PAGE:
Ophthalmologists have adopted the ASSORT (Alpins Statistical System for Ophthalmic Refractive surgery Techniques) calculators as their preferred method of astigmatism analyses as demonstrated by their frequency of use and the prevalence of citations in the literature. The calculators' ability to import unlimited amounts of data and graphically display analyses in a style recommended by journals' Instructions for Authors is a key reason for their acceptance. I commend Koch et al. for highlighting such an important subject.1
The Alpins method has been recognized as the comprehensive process of astigmatism analysis for some time now. As with many approaches, a single component will not provide the whole picture; all elements should be considered. The ASSORT Group Analysis Calculators not only display the basic analyses of Koch et al. but also include the true vectorial (univariate and bivariate) analyses required to guide the surgeon in correcting for any postoperative astigmatism to improve future visual outcomes.
We have verified the ASSORT calculations and found them to be accurate for the cases given. We thank the authors for their observation that total corneal astigmatism is not currently used for toric intraocular lens (IOL) analyses and have already updated the calculator to account for this.
Double-angle diagrams are inherently displays of double axes and, thus, should not be labeled with misplaced single axes. The way to avoid confusion is to label such diagrams clearly as double-angle diagrams with the axes doubled to their mathematically correct value and to accompany them with the corresponding polar diagram (single-angle diagram).
The Alpins method guides the surgeon on how to improve astigmatism outcomes and, hence, is clinically useful. The basic analyses of means and standard deviations display only a summated astigmatism (centroid) and no vectorial analysis of change.
Plots of surgically induced astigmatism vector (SIA) vs target induced astigmatism vector (TIA) are one view of the data that highlight obvious overcorrections and undercorrections of a treatment in the absence of gross misalignment of the achieved and intended treatments. Angle of error (AE) plots are another view of the data, which reveal any misalignment of the achieved and intended treatments.2 Both examples in this article have unusual values revealed on one or both of the SIA vs TIA plots and the AE plot. Such cases would always need to be examined comprehensively to determine the underlying cause.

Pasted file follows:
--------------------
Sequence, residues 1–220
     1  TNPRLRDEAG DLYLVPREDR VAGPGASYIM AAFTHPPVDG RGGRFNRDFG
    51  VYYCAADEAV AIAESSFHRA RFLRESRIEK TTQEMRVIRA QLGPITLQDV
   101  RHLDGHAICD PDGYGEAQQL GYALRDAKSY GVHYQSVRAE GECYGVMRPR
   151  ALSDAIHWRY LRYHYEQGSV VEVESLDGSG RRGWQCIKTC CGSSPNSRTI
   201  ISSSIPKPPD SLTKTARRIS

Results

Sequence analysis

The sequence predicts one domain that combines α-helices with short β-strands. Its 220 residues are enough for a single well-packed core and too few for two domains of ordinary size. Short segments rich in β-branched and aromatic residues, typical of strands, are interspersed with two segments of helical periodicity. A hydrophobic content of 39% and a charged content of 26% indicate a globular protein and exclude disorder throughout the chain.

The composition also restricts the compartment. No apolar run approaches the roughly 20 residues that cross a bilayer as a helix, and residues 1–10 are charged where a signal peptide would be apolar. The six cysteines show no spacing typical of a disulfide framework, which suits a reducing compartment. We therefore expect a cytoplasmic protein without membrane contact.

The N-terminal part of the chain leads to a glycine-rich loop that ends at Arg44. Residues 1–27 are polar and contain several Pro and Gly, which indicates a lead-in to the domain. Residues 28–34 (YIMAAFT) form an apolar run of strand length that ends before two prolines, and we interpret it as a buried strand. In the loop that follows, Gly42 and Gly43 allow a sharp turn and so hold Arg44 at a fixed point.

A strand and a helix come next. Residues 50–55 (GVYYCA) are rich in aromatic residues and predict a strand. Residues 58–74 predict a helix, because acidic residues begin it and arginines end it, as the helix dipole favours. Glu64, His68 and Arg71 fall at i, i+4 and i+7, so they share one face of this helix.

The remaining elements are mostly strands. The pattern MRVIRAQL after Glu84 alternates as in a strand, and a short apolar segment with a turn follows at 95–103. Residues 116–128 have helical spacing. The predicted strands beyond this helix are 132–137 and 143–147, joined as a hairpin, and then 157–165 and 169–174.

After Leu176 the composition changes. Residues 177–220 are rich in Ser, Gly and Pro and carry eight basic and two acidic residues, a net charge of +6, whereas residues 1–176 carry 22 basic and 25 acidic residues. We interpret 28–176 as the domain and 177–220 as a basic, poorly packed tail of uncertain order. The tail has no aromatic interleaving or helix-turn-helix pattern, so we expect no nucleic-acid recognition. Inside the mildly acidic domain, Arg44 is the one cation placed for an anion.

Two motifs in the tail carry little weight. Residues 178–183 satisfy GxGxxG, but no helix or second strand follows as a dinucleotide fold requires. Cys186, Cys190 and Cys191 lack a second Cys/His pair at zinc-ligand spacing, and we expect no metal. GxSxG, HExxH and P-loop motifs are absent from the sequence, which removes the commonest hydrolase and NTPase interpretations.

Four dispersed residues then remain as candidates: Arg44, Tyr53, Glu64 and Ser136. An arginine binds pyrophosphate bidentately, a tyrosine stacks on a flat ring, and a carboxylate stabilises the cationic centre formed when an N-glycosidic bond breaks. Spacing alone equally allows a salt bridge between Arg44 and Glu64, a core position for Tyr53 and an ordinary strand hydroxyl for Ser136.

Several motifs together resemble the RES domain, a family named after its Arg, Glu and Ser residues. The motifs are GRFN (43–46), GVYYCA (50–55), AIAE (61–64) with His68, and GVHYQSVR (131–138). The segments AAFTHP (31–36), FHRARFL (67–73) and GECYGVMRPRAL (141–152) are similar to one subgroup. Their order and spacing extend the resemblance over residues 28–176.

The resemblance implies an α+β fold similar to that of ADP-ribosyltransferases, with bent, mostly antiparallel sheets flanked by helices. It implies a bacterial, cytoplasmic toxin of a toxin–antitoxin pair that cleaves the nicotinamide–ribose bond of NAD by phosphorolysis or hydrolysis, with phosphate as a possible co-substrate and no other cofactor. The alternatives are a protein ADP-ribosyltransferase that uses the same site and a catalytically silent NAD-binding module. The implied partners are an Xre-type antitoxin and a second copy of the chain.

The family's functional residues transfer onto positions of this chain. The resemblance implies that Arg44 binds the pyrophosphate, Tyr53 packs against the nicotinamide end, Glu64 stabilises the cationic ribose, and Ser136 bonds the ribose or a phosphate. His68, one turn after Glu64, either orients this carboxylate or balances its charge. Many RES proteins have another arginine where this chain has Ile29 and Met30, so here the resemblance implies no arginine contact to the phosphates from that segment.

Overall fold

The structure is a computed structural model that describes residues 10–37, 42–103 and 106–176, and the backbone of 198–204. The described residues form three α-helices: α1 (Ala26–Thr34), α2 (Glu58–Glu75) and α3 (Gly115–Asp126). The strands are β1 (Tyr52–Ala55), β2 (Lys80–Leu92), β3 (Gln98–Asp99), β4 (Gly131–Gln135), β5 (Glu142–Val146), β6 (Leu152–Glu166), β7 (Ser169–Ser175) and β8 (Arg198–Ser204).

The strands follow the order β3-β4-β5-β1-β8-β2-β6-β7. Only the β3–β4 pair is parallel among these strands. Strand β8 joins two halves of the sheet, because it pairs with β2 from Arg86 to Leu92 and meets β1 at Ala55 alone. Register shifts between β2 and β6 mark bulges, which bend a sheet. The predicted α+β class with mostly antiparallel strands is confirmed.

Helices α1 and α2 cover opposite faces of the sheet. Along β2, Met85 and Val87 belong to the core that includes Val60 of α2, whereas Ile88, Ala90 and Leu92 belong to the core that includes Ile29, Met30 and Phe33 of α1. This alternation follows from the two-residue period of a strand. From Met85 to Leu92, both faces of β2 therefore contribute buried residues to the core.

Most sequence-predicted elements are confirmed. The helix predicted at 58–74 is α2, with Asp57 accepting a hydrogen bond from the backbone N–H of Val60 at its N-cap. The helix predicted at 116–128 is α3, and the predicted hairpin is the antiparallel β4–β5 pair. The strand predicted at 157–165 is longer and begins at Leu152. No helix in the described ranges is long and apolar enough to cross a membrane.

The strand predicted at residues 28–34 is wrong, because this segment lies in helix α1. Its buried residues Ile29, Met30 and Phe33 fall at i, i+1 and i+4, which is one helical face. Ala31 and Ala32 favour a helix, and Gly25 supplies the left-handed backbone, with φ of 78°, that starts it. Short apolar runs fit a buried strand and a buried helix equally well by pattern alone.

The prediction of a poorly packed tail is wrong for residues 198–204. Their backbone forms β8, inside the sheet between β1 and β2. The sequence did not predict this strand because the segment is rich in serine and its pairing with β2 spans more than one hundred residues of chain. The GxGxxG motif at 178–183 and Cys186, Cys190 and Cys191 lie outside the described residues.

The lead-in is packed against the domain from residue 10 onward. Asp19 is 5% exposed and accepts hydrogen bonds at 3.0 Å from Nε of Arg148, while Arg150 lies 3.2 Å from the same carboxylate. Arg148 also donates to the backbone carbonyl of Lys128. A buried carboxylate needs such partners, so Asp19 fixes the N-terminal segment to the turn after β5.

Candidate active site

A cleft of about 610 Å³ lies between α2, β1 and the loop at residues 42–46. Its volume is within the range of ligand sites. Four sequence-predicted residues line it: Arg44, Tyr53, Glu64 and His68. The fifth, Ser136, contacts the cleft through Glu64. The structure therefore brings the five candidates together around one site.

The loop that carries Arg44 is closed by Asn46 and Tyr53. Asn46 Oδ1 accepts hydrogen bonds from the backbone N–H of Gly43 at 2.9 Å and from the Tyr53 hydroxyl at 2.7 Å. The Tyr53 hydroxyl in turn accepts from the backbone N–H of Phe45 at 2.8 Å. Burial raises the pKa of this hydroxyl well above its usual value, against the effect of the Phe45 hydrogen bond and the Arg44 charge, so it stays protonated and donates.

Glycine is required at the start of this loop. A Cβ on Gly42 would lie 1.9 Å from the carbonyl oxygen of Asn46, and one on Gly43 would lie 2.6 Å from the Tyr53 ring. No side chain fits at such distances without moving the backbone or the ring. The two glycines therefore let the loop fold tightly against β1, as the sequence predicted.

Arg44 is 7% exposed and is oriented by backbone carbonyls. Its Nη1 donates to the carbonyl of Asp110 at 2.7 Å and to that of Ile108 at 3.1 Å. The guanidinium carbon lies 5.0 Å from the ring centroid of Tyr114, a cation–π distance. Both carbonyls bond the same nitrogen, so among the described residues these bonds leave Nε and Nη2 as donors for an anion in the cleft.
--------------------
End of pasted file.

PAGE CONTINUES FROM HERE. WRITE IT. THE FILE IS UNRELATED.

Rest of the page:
The polar plot of the correction index (CI) places the CI at the axis of the treatment which is the TIA axis (that is 180 degrees in both the 2 cases provided).3 This is useful to detect possible variations in treatment efficacy according to treatment orientation. A quick glance then allows the surgeon to see whether there are differences in effect between with-the-rule, against-the-rule, and oblique treatments.
Regarding the toric IOL analysis, the (incomplete) example given by the authors uses the Barrett formula to select the IOL; this formula is known to add a correction to the measured anterior corneal power to account for back-surface corneal astigmatism. Thus, the authors' observation that an SIA based on anterior keratometry differs from the SIA calculated by the Barrett formula is correct but not unexpected. Using the anterior keratometry values, the selected IOL does not target zero refractive cylinder, so it is not surprising that the Difference Vector (DV—displaying magnitude and axis as one value, combining both AE and Magnitude of Error [ME]) is nonzero and the CI indicates an overcorrection of the treatment.
Concerning terminology, the relatively new term of ocular residual astigmatism originated with Duke-Elder in his System of Ophthalmology, volume 5, published in the 1950s, who used the term residual astigmatism. Ocular was added to avoid confusion with this commonly used term for surgical residual astigmatism.3 Neither internal nor external astigmatism considers the significant perceptual astigmatism introduced by the visual cortex.
I agree with the authors that double-angle diagrams have an important role to play in the reporting of astigmatism analysis. Easily understood (0 to 360 degrees) diagrams are the fundamentally important basis for all calculations used by the Alpins method. However, this does not negate the fact that other views of data are important to help ophthalmologists understand the complexity that can occur in astigmatism analysis. The ASSORT Group Analysis Calculator provides both polar and double-angle plots, which highlight important features of the data being analyzed. By providing the ophthalmologist with various displays, we can aid understanding of this complicated subject.
1. Koch DD, Wang L, Abulafia A, Holladay JT, Hill W. Rethinking the optimal methods for vector analysis of astigmatism. J Cataract Refract Surg 2021;47:100–105
2. Alpins NA. A new method of analyzing vectors for changes in astigmatism. J Cataract Refract Surg 1993;19:524–533
3. Alpins NA. New method of targeting vectors to treat astigmatism. J Cataract Refract Surg 1997;23:65–75